7 demand that the Secretary-General s Representative and Head of UNMIK declare the unilateral declaration of independence by the Kosovo Albanian leadership null and void in accordance with his mandate under resolution 1244 (1999) and prerogatives arising from the Kosovo Constitutional Framework for Provisional Self-Government, and in order to prevent negative consequences. The Kosovo Force (KFOR) functioning in Kosovo under the aegis of the United Nations must comply strictly with their mandate in accordance with resolution 1244 (1999), on the basis of which KFOR must assist UNMIK and the parties to implement but not to breach that resolution. KFOR, together with the United Nations Civilian Police, bears the primary responsibility for preventing and stopping violence in the province and for ensuring security of the population and the international personnel. We are particularly concerned about the situation in the Serb municipalities in Kosovo, above all in northern Mitroviça. We regard as categorically inadmissible and illegal any attempts by the international presences to take, in violation of their mandates under resolution 1244 (1999), repressive measures against non-albanian minorities and their leaders in case of their expected non-compliance with the process of this Serbian province becoming sovereign. We address this warning also to the Provisional Institutions of Self-Government in Kosovo. The European Union s so-called Rule of Law Mission has been launched without the necessary decision of the Security Council. The parameters of the EU mission in Kosovo, above all from the viewpoint of the mandate given to it in Brussels, do not agree with the provisions of resolution 1244 (1999) and the Council s subsequent decisions on functions and composition, including modalities on the distribution of contributions among United Nations partners and, most importantly, on the mandate of the international civil presence in Kosovo. The Security Council has not authorized the launching of this operation. Nor can EU mission be part of the international civil presence as defined in resolution 1244 (1999), since, according to paragraph 1 of the Secretary-General s report in document S/1999/672, UNMIK covers all of the space allocated by this resolution to the international civil presence. The illegal acts of the Kosovo Albanian leadership and of those who support them set a dangerous precedent. They raise the risk of an escalation of tension and inter-ethnic violence in the province and destructive consequences for international relations that took decades to build. Russia firmly believes that a durable and sustainable solution to the Kosovo status issue can be achieved only on the basis of a decision to be worked out with the United Nations Security Council taking the leading role, a decision that would fully comply with the norms of international law and be based on agreements between Belgrade and Pristina. We hope that with regard to Kosovo affairs a legal, not a unilateral, solution will prevail. We are convinced that all United Nations Member States that cherish their own territorial integrity are interested in the same thing. Mr. Wang Guangya (China) (spoke in Chinese): The Chinese Government is gravely concerned over the unilateral declaration of independence by Kosovo on 17 February As we speak, the whole international community is closely watching the reaction of the United Nations. China supports the proposal by Serbia and Russia to convene an emergency meeting of the Security Council and hopes that members will engage in serious discussion and respond in a responsible manner. The question of the status of Kosovo is extremely complicated and sensitive. It not just is an emotional issue for the Kosovo Albanians and Kosovo Serbs; it also bears on the peace, security and stability of the Balkan region and even Europe at large. China always stands for peaceful resolution of disputes through political and diplomatic means and supports a negotiated and proper settlement of the issue of Kosovo s status. China opposes unilateral action and objects to solutions imposed by pressure. China has always maintained that the best way to resolve the issue of Kosovo s status is for the two parties concerned to reach a mutually acceptable solution through negotiations. That should be the common goal of all the parties concerned. Last year, under the auspices of the international contact group the Troika Serbia and Kosovo held several rounds of direct negotiations on the status issue. It is true that no substantive breakthrough was achieved during months of negotiations. Nevertheless, 7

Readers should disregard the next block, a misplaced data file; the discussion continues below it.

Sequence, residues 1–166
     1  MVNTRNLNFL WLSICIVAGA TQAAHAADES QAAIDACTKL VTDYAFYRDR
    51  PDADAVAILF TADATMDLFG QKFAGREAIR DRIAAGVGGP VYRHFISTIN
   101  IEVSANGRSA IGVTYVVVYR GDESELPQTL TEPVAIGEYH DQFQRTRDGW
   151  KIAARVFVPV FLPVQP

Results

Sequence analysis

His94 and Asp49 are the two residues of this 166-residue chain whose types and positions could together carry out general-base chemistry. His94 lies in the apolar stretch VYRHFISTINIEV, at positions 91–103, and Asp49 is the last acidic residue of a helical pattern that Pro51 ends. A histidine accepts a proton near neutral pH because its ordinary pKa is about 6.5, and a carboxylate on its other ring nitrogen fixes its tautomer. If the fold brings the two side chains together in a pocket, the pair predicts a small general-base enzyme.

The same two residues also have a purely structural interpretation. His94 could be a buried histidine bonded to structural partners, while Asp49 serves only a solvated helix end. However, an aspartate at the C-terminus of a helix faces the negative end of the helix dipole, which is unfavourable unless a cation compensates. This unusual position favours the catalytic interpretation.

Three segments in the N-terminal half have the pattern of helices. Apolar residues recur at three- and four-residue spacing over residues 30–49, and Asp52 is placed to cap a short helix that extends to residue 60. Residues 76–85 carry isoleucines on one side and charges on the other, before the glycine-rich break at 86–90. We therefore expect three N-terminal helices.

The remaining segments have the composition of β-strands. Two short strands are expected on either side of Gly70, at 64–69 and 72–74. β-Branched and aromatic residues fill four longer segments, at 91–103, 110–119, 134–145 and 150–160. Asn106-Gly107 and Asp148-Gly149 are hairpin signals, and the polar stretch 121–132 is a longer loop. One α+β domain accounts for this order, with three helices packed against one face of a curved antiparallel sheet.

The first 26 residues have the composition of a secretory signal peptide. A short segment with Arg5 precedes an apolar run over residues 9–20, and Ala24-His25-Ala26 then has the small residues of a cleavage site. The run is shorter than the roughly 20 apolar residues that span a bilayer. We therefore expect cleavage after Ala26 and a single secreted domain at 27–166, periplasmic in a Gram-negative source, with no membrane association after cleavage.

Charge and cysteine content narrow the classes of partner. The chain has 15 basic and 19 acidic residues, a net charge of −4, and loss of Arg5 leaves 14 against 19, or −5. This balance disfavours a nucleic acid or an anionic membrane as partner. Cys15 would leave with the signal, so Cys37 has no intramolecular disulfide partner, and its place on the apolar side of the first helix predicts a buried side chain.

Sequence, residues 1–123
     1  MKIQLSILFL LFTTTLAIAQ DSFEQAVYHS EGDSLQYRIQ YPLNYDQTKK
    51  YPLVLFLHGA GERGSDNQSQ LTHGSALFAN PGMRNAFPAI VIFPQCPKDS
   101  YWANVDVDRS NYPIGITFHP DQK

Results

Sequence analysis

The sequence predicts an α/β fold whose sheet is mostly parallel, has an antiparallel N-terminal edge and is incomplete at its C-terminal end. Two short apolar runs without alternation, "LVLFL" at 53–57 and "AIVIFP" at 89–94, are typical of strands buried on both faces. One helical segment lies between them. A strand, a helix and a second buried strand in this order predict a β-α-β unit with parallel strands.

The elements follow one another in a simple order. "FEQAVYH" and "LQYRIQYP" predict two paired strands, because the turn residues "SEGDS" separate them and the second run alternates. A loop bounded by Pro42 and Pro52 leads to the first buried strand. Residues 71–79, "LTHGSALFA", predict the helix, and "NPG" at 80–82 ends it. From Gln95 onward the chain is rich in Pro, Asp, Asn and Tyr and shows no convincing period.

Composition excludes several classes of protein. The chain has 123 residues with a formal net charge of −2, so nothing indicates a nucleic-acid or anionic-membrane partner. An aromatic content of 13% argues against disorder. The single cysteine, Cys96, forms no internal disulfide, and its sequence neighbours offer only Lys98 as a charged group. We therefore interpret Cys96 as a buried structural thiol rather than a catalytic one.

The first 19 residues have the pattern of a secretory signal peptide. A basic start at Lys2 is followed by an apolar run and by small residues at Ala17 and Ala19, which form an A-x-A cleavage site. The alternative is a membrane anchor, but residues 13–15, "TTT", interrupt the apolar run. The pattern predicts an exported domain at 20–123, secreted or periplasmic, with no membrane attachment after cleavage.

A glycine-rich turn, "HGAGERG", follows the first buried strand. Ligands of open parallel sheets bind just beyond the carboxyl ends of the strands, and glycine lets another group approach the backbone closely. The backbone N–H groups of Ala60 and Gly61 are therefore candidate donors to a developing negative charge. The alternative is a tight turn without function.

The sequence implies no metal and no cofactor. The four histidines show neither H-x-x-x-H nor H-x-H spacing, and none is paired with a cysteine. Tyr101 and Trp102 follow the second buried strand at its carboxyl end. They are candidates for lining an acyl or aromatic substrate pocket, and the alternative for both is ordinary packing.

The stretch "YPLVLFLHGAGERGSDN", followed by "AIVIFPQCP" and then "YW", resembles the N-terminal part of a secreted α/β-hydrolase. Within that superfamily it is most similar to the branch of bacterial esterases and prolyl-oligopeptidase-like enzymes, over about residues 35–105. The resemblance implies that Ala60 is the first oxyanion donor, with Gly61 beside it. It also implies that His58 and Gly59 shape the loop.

8 if negotiations are to be fruitful and successful, all participating parties need to show sincerity and flexibility, rather than giving up and even shutting the door of negotiations because of their differences. China believes that rather than doing any good for the settlement of ethnic conflicts, achieving a multi-ethnic society and the maintenance of peace, stability and development in the former Yugoslavia the unilateral action by Kosovo may rekindle conflicts and turbulence in the region, which in turn would cause serious humanitarian crisis and adversely impact the entire Balkan region and beyond. China is deeply concerned over this. Safeguarding sovereignty and territorial integrity is one of the cardinal principles of contemporary international law, as enshrined in the Charter of the United Nations. The issue of Kosovo s status does indeed have its special nature. Nevertheless, to terminate negotiations, give up pursuit of a solution acceptable to both parties and replace such efforts with unilateral actions will certainly constitute a serious challenge to the fundamental principles of international law. Together with other countries concerned, we express our serious concern over this matter. We call on all relevant parties to take full account of the complexity and sensitivity of the issue of Kosovo s status and make a sober assessment of the potential adverse implications of this unilateral action for peace and stability in the region, act with maximum prudence and do their utmost to preserve peace, security and stability there. Security Council resolution 1244 (1999) remains the political and legal basis for the settlement of the Kosovo issue. Prior to the adoption of any new resolution by the Council, all efforts and actions for the settlement of this issue should conform to the relevant provisions of resolution 1244 (1999). If a resolution adopted by the Security Council is not observed and implemented, the resolution in question becomes a mere scrap of paper; what is more, the authority and credibility of the Security Council as the primary organ for safeguarding world peace and security would be compromised. This is not only a concern of China, but also one of the international community. The Chinese Government therefore hopes that all members will show a responsible attitude and consider and address this issue seriously and prudently. China agrees that the future of both Serbia and Kosovo lies in their eventual integration into Europe and appreciates the desire of the European Union (EU) to play an active role on the Kosovo issue. China hopes that the EU will take into account not only the interests of Serbia and Kosovo, but also the concerns of other countries in the region. More important, it needs to pay attention to and uphold the authority and role of the Security Council in resolving the Kosovo issue. We hope that the EU will make greater efforts to reconcile the positions of Serbia and Kosovo, urge the two parties to continue their dialogue and encourage them to find a way out in the process of seeking integration into Europe. China sincerely hopes that all parties concerned will keep in mind the long-term interests of peace and security in the Balkan region, Europe and the world at large, and conduct candid negotiations and discussions for a constructive solution to the issue of Kosovo s status. The Security Council and the international community should encourage Serbia and Kosovo to continue their pursuit of a mutually acceptable solution through political and diplomatic means. Mr. Verbeke (Belgium) (spoke in French): Allow me first to welcome the presence of the President of Serbia among us today, as well as that of the Secretary- General. Today, the Security Council is considering, once again, the question of the status of Kosovo. In October 2005, the Council supported the Secretary-General s proposal to initiate a political process that was to produce a definition of Kosovo s future status, as envisioned in resolution 1244 (1999). It was a process in which the international community, including the Council, were widely involved and a process that neither of the two parties could block unilaterally, as the ministers of the Contact Group emphasized on 20 September Despite the engagement of the two parties, Serbia and Kosovo, the Security Council and the international community as a whole, a negotiated solution could not be found. We regret this, but we cannot ignore the reality on the ground: the Kosovar authorities have declared independence in keeping with the will of a broad majority of the population of Kosovo. Belgium will recognize Kosovo. The legal process is under way. For Belgium, this independence effectively and finally sets out the necessary conditions for a lasting peace and for stability and prosperity for the entire region and its inhabitants, regardless of 8